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Biter

Party Politics

By Vrinda Normand

AS BITER saunters over to a booth cluttered with mysterious jars, naughty dice and books called Toy Gasms, a woman clad in a black body-hugging outfit greets her with a lipsticked smile and a cheery hello. Lydia Aguilar looks like she could be standing behind a fine jewelry counter, but instead she channels all her retail enthusiasm into selling dildos and love lube in packages called Passion Parties.

As an independent consultant, Aguilar assumes the burden of entertainment normally shouldered by party hostesses and turns a roomful of women into a posse of giggling girls. From her bag of tricks, she pulls out a 20-inch purple penis and sets it on a table for a version of the game called ring toss. Then she produces a vibrator called Choco Thriller and challenges a circle of now hysterical females to pass it around without using their hands.

Aguilar then calms the chaos by initiating hand massages with pheromone-laced oils, the so-called animalistic sex attractant that, when dabbed on the wrist or neck, is supposed to reel him in "nine times out of 10." As the women saturate themselves with this lust-enhancing chemical, they magically open up to the idea of buying an array of sex toys in the privacy of their friend's home. Today's market (in the tradition of Avon and Tupperware) has cleverly honed in on the timeless niche of gabfests.

On a Saturday afternoon, Aguilar is stationed with her arsenal of pleasure products at the Valentine's Day Shop and Spa, a mixer for businesswomen to network and promote their services. The small event room at the plush Pruneyard Inn is packed with visitors and vendors exchanging heart-shaped chocolates, business cards, brochures and samples.

Product-driven parties seem to be the rave at this event, organized by the motivational cheerleader Susan Liddy from Aspire Life Coaching. Even the Body Shop has jumped on the bandwagon by contracting independent consultants to bring those edible-looking tubs of body butter straight to you. As an incentive for hostesses (who provide the guests or trap the buyers, depending on how you look at it), Body Shop grants a commission (in the form of free products) on all sales made at a party.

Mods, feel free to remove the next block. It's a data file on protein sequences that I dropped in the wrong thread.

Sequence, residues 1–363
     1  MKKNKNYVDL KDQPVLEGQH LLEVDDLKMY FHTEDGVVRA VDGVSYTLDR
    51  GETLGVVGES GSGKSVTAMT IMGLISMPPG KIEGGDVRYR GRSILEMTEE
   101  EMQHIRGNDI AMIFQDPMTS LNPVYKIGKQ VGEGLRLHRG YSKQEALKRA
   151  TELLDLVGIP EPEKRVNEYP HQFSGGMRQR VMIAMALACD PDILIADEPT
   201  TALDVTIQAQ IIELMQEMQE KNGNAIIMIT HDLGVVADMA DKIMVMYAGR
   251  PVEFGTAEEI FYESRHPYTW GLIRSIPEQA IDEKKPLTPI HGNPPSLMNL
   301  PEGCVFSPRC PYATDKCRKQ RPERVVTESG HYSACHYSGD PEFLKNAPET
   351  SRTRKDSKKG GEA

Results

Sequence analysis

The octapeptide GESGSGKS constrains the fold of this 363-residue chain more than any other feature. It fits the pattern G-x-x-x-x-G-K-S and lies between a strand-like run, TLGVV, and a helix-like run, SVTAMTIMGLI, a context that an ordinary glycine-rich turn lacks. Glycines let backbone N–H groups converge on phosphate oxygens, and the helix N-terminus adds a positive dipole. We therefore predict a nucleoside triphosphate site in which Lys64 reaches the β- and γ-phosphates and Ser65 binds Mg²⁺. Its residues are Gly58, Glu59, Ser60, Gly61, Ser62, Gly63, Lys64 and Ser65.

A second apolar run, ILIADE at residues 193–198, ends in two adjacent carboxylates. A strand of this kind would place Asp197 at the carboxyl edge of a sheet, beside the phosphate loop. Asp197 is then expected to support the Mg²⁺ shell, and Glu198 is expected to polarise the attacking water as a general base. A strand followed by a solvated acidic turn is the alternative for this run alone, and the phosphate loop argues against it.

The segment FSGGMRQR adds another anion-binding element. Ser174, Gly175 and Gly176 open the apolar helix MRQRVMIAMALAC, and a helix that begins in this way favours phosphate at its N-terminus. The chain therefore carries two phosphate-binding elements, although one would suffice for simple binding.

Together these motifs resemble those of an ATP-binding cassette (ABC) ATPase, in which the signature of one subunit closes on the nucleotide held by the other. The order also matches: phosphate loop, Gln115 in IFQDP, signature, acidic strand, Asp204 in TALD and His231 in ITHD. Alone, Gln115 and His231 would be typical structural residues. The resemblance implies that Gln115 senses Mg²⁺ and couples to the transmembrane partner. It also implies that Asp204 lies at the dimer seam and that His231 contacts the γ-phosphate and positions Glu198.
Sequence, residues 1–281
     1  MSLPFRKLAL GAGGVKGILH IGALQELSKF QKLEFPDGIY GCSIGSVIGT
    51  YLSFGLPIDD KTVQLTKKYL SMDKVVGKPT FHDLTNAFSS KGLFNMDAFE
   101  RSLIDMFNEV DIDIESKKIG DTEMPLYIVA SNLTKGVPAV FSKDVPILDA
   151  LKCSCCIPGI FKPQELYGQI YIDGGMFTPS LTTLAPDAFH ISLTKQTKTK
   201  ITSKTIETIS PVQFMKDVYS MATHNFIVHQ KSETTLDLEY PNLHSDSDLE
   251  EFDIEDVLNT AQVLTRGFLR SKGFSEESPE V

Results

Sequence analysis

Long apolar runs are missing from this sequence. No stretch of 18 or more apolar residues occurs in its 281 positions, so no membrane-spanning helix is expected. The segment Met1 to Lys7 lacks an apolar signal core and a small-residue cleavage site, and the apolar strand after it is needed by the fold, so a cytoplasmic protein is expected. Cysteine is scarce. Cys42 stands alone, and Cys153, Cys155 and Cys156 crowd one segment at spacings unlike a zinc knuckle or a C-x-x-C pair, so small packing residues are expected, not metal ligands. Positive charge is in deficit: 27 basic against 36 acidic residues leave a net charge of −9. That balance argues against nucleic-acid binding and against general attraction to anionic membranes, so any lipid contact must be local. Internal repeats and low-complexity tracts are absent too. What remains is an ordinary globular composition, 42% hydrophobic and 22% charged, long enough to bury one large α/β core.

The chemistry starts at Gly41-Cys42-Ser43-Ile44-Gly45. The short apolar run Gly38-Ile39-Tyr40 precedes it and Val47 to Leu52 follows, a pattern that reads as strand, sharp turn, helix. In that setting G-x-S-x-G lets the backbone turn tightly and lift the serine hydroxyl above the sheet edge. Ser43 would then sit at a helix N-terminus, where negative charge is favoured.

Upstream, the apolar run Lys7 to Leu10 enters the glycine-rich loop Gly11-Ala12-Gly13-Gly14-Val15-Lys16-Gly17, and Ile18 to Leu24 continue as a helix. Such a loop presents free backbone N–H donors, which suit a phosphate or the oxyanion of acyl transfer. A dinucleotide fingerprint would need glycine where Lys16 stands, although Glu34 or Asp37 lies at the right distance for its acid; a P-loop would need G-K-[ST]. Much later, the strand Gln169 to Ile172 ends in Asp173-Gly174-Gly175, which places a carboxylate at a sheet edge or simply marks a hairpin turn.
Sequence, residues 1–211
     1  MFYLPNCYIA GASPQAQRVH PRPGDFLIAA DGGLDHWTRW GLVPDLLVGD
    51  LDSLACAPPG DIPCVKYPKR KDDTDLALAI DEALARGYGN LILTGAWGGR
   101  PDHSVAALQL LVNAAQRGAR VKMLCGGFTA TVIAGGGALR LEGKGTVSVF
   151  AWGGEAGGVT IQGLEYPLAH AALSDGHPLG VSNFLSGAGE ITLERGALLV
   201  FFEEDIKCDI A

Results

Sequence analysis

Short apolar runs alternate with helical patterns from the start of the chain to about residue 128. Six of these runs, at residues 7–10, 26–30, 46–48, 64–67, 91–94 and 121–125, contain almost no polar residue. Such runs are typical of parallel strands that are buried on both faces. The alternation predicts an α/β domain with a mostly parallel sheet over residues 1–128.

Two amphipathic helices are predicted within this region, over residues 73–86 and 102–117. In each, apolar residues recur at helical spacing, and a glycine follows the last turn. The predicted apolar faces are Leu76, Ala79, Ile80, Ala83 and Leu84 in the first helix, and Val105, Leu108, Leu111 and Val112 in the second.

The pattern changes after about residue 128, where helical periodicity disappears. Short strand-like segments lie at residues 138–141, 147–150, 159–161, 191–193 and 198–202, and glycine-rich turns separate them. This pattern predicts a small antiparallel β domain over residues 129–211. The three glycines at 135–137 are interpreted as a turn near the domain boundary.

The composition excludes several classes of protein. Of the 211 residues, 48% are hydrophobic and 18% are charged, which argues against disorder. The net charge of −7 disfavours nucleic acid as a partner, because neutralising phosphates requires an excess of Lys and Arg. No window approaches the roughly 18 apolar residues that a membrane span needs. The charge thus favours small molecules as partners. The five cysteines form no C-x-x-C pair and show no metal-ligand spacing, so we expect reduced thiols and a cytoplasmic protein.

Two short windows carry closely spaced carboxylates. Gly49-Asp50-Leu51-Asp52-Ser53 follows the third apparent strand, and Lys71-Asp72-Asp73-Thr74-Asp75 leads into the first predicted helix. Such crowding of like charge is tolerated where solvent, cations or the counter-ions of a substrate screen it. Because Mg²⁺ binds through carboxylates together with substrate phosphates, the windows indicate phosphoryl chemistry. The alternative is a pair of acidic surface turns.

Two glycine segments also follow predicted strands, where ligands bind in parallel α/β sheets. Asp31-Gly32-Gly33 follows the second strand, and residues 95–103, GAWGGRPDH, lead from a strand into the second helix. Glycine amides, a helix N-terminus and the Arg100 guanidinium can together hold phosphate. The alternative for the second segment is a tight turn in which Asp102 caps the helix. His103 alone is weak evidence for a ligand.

Sensaria, another line of pricy yet "natural" spa goodies, specializes in pamper parties. A young woman named Gaby Tablada offers to exfoliate Biter's hand with a salt-and-sugar scrub while informing her of all the fun foot soaks and facials she could be having with her girlfriends. Sensaria-sponsored gatherings come with drink-enhanced themes like "Wine Down and Relax" and "Spa'd Out in Margaritaville."

The body-beautifying activities don't end there. Temporary-tattoo artist Roopa Raman hosts "Henna Bashes" in which she adorns limbs and bellies with intricate designs made from a plant-derived paste. Popular in India, Africa and the Middle East, henna has penetrated the U.S. market through celebrities, fashion magazines and now women's parties.

Why bother going to the mall anymore? With the commercial frenzy knocking on our doors we might as well hold up our (manicured, hydrated, painted) hands in surrender.


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From the February 16-22, 2005 issue of Metro, Silicon Valley's Weekly Newspaper.

Copyright © Metro Publishing Inc. Metroactive is affiliated with the Boulevards Network.

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